Shabbat Parashat Tzav| 5764
From the works of Hagaon Harav Shaul Yisraeli zt”l - The Essence of and Path to Perfection - From Perakim B’machshevet Yisrael, p. 390
The common denominator between all the classical approaches to self-perfection is that asceticism and denial of bodily needs is unnecessary. The Rambam criticizes that approach as acting “as if Hashem hates the body.” The Ramchal takes a more stringent approach than the Rambam, seeing the body and its desires as the factor that drags man down and tries to trip him up, but he too does not condone withholding the body’s legitimate needs. The Rambam agrees that one should ideally not take more from the world than he needs according his nature. He says that one should not get involved with over beautification of his home or clothes unless it is necessary to “widen his spirit” to cure himself from disease. So what is the difference between their respective approaches?
The difference between the Rambam and the Ramchal is significant in regard to emphasis. According to the Ramchal, the main attention in the fight against the yetzer hara is on its search for indulgence. This is the weak point, which the yetzer can exploit and, therefore, the task of conquering the desires is the most fundamental one in the search for self-perfection. The efforts progress in two stages, starting with observing required limitations and progressing to limitations beyond the letter of the law, which are the realm of the unique few.
The Rambam presents a very different approach. One does not need to fight his whole life against physical inclinations. Rather, at a preliminary stage, he should educate and accustom himself to a normal lifestyle. It may be true that a person can, because of poor education or surroundings, stray from the desired norm. But this is a state of disease, which the average person does not have to deal with. A person’s main focus should be, rather, to dedicate himself to intellectual/spiritual pursuits. While over-indulgence takes a person away from the intellectual, delving into the intellectual causes a person’s animalistic elements to subside. A person who excels in the spiritual, sees his body as the host for his spirit. Therefore, he sees the needs of the body as important for his main purpose. That which is beyond the necessary he sees as silly and not worthwhile, considering his goals. The Rambam does not talk about stages and levels of keeping the bodily tendencies under check. The minimum is also the maximum, with normalcy being the goal for all. Going beyond the normal in restraining bodily desires is needed only as a treatment for an aberration in one’s status.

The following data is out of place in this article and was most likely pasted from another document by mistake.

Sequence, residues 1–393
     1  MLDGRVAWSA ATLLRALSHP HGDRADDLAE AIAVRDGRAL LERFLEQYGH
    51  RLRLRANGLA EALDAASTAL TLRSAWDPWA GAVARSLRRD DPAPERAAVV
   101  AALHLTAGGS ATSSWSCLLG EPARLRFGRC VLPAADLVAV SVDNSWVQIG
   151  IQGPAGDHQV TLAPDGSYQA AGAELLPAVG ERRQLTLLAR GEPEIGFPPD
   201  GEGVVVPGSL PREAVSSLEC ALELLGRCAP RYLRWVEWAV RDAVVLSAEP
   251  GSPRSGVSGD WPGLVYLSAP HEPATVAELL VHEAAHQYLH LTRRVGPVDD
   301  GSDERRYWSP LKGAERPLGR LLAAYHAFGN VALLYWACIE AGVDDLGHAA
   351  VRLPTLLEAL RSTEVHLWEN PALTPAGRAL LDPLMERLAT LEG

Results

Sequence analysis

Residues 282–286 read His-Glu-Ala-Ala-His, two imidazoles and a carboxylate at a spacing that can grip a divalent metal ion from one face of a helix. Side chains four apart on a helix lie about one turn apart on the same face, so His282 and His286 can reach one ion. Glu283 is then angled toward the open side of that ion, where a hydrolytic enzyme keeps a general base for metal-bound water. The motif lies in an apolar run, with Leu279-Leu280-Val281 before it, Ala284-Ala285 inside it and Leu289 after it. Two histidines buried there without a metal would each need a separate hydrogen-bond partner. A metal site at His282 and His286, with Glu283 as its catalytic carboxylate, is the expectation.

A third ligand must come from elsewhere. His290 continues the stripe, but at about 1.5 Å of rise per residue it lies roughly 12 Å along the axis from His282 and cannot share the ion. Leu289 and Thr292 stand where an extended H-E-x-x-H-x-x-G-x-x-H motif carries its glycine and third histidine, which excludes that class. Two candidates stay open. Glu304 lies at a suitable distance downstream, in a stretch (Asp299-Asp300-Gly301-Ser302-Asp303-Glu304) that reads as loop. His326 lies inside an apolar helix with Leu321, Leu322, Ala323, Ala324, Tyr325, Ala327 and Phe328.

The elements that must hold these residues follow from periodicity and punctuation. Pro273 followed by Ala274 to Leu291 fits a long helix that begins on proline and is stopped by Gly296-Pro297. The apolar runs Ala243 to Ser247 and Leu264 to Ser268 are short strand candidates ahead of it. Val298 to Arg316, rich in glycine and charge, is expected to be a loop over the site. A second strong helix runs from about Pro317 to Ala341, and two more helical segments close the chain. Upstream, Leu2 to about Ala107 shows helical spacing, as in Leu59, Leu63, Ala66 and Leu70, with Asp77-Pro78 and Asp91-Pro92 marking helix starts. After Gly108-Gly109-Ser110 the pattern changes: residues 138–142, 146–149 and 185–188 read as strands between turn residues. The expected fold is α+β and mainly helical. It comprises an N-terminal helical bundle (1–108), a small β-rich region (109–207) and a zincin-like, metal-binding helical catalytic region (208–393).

While the Ramchal puts one under the pressure of an ongoing struggle against his own inclinations, the Rambam sees the situation differently. One should not feel saddened or pressured, but should feel that he has open spaces which allow him to strive forward to his goal of spiritual attainment.
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